• Vox named Rubio a loser because he looked out of touch with the rest of his party: “… Rubio came out looking less like a consensus conservative pick and more like John Kasich: an establishmentarian who base voters can’t trust.”
  • The Washington Examiner’s David Drucker thinks “the two first-term senators fought to a draw, although it could be argued that Cruz had the better evening overall”: He projected strength and confidence on foreign policy matters.… Rubio was solid.… But unlike Cruz … Rubio had to fend off attacks from multiple candidates…. It hamstrung Rubio’s ability to go on offense and control the debate, as he has in his previous four outings.”
  • The Daily Beast’s Will Rahn asks if Rubio has been “overrated all along”: “To unite the factions of the party that recoil at the thought of nominating either Trump or Cruz, Rubio may well have needed a much bigger, better night than the one he had.… Yes, Rubio has soaked up the Beltway buzz, but no one seems to know what primaries he could actually, you know, win. Right now Rubio is stuck in a distant third in Iowa, some 16 points or so behind Trump in New Hampshire, and fourth in South Carolina.”
  • The Dallas Morning News’ Gromer Jeffers Jr. also considers the map: “It’s like an old-school middleweight boxing tournament. The winner of the Cruz/Rubio clash gets the chance to take down Trump, the clear — but beatable — frontrunner.… Cruz knows that if he wins Iowa, it will pull Trump down closer to earth and set Cruz up to score huge victories in South Carolina, and later, the March 1 Texas contest.”
  • National Review editor Rich Lowry: “I’d score it for Rubio on points, but it was close and both senators are obviously exceptionally skilled. … Overall, Rubio once again demonstrated his command of the facts and fluidity as a communicator, but he took the most incoming of anyone and had to spend a lot of time explaining.”

— Two other takeaways:

  • Jeb Bush showed signs of improvement, but Chris Christie may overshadow him in New Hampshire. The former Florida governor went after Trump more directly than anyone else on stage, and at one point he clearly got under the front-runner’s skin. He used the word “serious” more than a dozen times and called Trump “the chaos candidate.” But it may be too little too late. Frank Luntz’s focus group on Fox News picked Christie and Cruz as the winners. Some words used to describe the New Jersey governor were “highly confident,” “on-point,” “experienced” and “tells it like he sees it.” He also got high marks when he criticized endless debates and inaction of the Senate.
  • Ben Carson whiffed on the commander in chief test. He got multiple tries to look presidential, and he just could not. His meandering and soft-spoken answers show he’s really not absorbing his lessons in foreign policy. Conservative columnist S.E. Cupp said his campaign is now on life support: “Carson’s campaign is in cardiac arrest right now. Anyone know a doctor?”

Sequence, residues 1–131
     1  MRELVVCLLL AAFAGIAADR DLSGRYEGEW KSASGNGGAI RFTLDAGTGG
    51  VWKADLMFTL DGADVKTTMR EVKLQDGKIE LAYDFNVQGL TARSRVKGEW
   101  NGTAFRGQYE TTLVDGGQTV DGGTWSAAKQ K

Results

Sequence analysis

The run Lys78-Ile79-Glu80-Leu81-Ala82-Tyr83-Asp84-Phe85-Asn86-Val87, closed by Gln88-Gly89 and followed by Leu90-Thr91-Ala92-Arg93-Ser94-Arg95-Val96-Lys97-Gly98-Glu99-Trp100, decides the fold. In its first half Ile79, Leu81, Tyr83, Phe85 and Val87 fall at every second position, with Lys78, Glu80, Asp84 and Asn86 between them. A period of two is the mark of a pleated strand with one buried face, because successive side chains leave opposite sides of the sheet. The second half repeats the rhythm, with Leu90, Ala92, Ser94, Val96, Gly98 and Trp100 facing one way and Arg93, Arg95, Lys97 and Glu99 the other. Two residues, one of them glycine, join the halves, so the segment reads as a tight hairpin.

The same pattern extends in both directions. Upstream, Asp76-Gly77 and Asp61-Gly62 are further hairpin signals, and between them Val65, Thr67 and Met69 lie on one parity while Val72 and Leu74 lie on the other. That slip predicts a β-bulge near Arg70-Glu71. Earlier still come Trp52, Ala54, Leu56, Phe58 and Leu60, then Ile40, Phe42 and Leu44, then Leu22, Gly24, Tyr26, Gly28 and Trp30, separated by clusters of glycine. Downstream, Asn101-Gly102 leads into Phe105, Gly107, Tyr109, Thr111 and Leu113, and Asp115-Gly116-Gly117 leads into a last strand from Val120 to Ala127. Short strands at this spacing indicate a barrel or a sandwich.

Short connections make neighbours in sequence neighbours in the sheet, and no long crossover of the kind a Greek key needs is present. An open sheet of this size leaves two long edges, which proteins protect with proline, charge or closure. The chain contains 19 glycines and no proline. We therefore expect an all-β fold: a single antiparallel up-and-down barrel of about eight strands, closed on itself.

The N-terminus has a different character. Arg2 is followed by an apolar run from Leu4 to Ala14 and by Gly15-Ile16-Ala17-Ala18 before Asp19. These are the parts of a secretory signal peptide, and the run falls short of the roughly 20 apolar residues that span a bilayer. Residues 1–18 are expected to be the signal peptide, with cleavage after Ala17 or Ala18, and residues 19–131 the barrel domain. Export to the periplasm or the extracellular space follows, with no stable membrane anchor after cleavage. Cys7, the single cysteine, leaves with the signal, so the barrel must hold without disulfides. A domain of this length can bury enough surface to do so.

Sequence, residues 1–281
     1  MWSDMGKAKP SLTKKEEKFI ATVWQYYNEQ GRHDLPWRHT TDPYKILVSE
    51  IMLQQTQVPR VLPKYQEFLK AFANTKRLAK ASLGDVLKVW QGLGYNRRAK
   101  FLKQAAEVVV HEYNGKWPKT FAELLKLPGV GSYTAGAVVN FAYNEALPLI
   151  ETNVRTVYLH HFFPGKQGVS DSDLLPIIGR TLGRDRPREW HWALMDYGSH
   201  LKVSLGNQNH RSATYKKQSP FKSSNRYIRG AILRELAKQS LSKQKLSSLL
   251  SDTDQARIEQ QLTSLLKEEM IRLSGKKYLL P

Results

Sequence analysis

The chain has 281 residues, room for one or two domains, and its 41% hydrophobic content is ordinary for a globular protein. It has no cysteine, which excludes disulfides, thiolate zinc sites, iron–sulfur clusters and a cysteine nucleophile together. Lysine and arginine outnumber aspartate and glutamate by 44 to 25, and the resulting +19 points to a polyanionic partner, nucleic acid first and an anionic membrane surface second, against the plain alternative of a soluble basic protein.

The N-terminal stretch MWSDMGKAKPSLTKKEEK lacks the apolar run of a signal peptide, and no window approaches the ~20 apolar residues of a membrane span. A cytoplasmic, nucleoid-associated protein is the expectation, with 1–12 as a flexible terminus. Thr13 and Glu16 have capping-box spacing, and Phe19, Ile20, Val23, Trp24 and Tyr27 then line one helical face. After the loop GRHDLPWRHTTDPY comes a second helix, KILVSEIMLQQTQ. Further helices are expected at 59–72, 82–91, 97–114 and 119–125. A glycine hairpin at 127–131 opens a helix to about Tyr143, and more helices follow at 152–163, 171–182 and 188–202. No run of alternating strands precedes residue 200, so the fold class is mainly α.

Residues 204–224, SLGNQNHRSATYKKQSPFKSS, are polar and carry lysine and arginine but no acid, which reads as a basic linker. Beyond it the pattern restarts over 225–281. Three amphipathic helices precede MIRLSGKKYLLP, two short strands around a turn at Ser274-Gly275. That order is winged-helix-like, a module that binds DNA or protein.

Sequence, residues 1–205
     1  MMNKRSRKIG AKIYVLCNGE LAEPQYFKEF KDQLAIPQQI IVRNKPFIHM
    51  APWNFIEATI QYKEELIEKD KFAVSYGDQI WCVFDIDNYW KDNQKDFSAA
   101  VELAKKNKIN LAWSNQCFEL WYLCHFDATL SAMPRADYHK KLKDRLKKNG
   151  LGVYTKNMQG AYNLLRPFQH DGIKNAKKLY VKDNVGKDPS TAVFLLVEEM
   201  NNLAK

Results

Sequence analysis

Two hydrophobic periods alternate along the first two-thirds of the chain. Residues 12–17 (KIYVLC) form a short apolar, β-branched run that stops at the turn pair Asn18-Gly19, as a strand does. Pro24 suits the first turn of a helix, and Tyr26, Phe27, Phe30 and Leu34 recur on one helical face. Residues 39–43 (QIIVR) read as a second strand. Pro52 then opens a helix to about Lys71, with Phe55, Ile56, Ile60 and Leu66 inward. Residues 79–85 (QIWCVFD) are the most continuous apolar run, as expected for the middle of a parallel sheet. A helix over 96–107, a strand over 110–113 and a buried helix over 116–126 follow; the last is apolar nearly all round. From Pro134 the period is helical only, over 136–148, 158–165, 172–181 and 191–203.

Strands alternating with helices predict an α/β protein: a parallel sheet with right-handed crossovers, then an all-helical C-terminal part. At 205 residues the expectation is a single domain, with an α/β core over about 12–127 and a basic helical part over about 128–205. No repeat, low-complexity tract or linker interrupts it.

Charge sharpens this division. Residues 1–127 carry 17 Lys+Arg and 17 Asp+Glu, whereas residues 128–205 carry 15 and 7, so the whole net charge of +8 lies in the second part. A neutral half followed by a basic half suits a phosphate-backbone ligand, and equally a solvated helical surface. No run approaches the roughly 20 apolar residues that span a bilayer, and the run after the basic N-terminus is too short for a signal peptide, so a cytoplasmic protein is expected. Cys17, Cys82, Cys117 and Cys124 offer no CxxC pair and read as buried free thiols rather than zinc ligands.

— Congress reached a budget deal: “The sweeping agreement that came after weeks of bipartisan negotiations is the broadest tax and spending deal since the January 2013 ‘fiscal cliff’ agreement, which prevented automatic spending cuts from taking effect and shielded middle-class workers from tax increases while allowing some increases on the wealthy. Both parties will be able to claim policy victories while bemoaning what also made it in or was left out,” Kelsey Snell and Mike DeBonis report. “Ryan has portrayed the negotiations as a way to clear the decks for next year when under his leadership he promises a more methodical approach to moving appropriations bills.”

The $1.149 trillion package will likely get a vote on Thursday or Friday as Ryan has promised ample time for members to examine the deal (which will move in the House in two parts as a separate appropriations and tax package). That’s because some Republicans won’t back the increased spending in the budget deal, and some Democrats won’t support the tax package. Lawmakers first need to pass another stopgap funding resolution to prevent the government from shutting down tonight.

Here’s what made it into the deal (full budget text here):

  • A $650 billion tax package including extensions of about 50 tax breaks and a delay until 2017  of the medical device tax. Permanent extensions were included of the child tax credit; the earned income tax credit; state and local sales tax deductions; and low-income housing credits.
  • A two-year delay on the “Cadillac tax” on expensive employer-backed health care plans.
  • A lift in the 40-year-old oil export ban in exchange for tax breaks pushed by Democrats on wind and solar energy.
  • A permanent renewal of federal funds for 9/11 emergency aid workers.
  • New security requirements for the visa waiver program, which passed the House recently.
  • Reduced funding for the Environmental Protection Agency.

The bill does not contain language to restrict the influx of refugees from Syria and Iraq. Nor does it contain language to strip funding for Planned Parenthood, which many conservatives demanded, or gun control legislation favored by Democrats.


  1. The jury deliberating the case of the first officer charged in Freddie Gray’s death is deadlocked, but the judge urged the jurors to continue trying to reach a verdict. (Rachel Weiner, Justin Jouvenal, Lynh Bui and John Woodrow Cox)
  2. Bomb and gun threats that closed down Los Angeles public schools for the day were a hoax. (Diana Crandall, Mark Berman and Emma Brown)
  3. Iran’s missile test in October violated a U.N. resolution, the Security Council’s Panel of Experts said in a confidential report. (Reuters)
  4. John Kerry and Vladimir Putin will resume their talks about Syria and Ukraine later this week in New York. (Carol Morello and Andrew Roth)
  5. The Senate reached a deal to bring back the Federal Perkins Loan Program for another two years. (Danielle Douglas-Gabriel)
  6. The national high school graduation rate hit an all-time high, with 82 percent of students earning a diploma in the last academic year. (Lyndsey Layton)
  7. The Justice Department will charge the chief of Venezuela’s National Guard with drug trafficking. (Reuters)